5 Rules Not to Break in Germany

german flag

[xyno] / [iStock] / Thinkstock

Germany was my adopted country for one year while I was studying in college. Why I went to Germany instead of say, Costa Rica, is beyond me. Apparently I felt the need to experience snow and sauerkraut and lots of it. Whatever my reasons for going, I had an amazing time while there and came to love Germany and all of its idiosyncrasies. However, there were a few unspoken rules that I had to learn the hard way. The good news is that Germans don’t hesitate to let you know when you’ve broken a rule. The bad news is that, well, they don’t hesitate to let you know you’ve broken a rule. When you cross that line, you’ll know. Either you’ll receive a look that makes you want to crawl under a rock or if you’re really lucky an 80 year-old woman will yell at you in public, which, I have to say, works like a charm.

Don’t walk in the bike path
You’ll get run over. No, really. You’ll be walking nonchalantly alongside a river or lake and suddenly someone will ring a bell and bellow “Pass auf!” approximately two seconds before they’re about to run into you and you have no choice but to dive out of the way. I learned this lesson the hard way during my first week in Germany. While standing in the middle of a bike path like an oblivious tourist, an old lady yelled “Hier ist kein Fußgängerzone!” (This isn’t the pedestrian path) as she barreled past me on a dainty bike laden with groceries. I was so ashamed I nearly went back home right then and there.

No Jaywalking
It doesn’t matter if it’s two in the morning and there are no cars in sight. You stand on the corner and you wait for the little green man to flash. Under no circumstances should you ever cross when you don’t have the right of way. If you have the nerve to undertake this in broad daylight in front of other people, make sure there are no children in sight. If there are kids, you will definitely get told off by one of your fellow pedestrians. If a police officer catches you, you’ll get a nice fine.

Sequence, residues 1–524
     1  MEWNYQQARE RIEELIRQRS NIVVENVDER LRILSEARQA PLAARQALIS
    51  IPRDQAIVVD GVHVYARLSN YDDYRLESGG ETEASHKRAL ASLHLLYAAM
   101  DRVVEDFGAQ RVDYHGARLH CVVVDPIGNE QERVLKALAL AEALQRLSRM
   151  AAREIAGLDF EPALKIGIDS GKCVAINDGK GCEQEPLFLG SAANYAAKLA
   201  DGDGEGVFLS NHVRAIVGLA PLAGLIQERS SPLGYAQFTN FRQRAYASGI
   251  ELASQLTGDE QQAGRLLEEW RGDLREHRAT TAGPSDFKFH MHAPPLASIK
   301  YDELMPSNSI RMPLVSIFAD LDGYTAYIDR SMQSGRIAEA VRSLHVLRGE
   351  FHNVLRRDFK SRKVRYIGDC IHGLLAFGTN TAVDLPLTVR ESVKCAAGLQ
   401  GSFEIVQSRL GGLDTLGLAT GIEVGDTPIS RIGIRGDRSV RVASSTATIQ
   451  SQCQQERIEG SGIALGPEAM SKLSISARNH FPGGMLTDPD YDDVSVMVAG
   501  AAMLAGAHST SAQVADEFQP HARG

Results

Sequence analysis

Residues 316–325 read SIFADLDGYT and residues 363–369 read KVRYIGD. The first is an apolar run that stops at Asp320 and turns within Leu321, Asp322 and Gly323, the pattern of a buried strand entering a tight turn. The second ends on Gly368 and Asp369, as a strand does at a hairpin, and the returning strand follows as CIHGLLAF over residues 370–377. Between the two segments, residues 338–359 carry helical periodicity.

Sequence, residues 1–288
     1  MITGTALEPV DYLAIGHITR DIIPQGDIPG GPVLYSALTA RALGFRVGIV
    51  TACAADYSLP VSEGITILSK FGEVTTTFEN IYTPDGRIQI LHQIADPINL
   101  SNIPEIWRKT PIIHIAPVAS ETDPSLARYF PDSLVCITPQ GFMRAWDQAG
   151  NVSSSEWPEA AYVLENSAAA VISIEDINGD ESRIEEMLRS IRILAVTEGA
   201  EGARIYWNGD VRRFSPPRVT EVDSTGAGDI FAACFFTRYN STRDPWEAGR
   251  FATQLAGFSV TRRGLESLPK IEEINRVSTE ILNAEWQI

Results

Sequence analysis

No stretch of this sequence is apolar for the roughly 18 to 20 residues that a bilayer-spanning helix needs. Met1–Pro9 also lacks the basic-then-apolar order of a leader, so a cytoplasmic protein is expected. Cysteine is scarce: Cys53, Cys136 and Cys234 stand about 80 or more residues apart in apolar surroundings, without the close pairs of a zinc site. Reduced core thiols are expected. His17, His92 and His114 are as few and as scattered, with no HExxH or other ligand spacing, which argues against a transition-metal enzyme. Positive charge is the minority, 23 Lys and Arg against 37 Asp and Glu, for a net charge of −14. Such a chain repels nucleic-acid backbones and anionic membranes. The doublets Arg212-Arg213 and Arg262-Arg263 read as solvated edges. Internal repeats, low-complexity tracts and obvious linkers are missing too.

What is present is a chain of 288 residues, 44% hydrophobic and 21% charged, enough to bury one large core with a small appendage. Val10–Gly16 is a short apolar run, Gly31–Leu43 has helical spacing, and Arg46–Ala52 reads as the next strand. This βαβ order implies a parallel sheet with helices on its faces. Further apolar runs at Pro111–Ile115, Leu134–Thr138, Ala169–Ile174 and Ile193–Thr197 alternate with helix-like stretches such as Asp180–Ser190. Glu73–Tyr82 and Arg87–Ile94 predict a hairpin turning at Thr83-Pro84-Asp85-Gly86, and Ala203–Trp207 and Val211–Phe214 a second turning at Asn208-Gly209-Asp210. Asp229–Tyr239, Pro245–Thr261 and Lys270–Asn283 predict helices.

Use Appropriate Bins for Recycling and Trash
The Germans have the most efficient waste disposal system known to mankind. It’s also the most complicated. The first morning I went to take the trash out, I stood in front of the varying blue and yellow bins for a full five minutes trying to figure out which bag went where before finally giving up and just throwing it in the closest one so that I could run and catch my bus to class. I came home to find the bag sitting in front of one of the dumpsters with a note on it explaining the system. Brown bin = biological waste. Yellow bin = plastic. Gray bin = household waste. Blue bin = paper. Glass is sorted by color into green, brown, and white bins. Still confused? Yeah, I hear you. Read up on the details here.

Prost When You Toast
No, not that kind of toast. When you’re raising your mug of beer, make sure to look each individual in the eye as you clink glasses and say “Prost.” It’s very rude not to make eye contact. It’s also rude to become a drunken, disheveled mess in public so if you can’t hold your liquor, pace yourself. Also, before digging into your Schnitzel, make sure to wait till your host or those at your table have said “Guten Appetit.”

To Go or Not to Go?
It wasn’t so long ago that asking for your coffee in a to go cup would result in the German stare. A coffee? To go? Why would you do such a thing? However, this rule is rapidly losing fashion and it’s becoming more and more acceptable to order your kaffee zum mitnehmen. While it’s becoming far more acceptable to ask for a “doggie bag” (far more acceptable than in France, for example), it’s still considered a little odd so try and finish what’s on your plate.

By Nikki Hodgson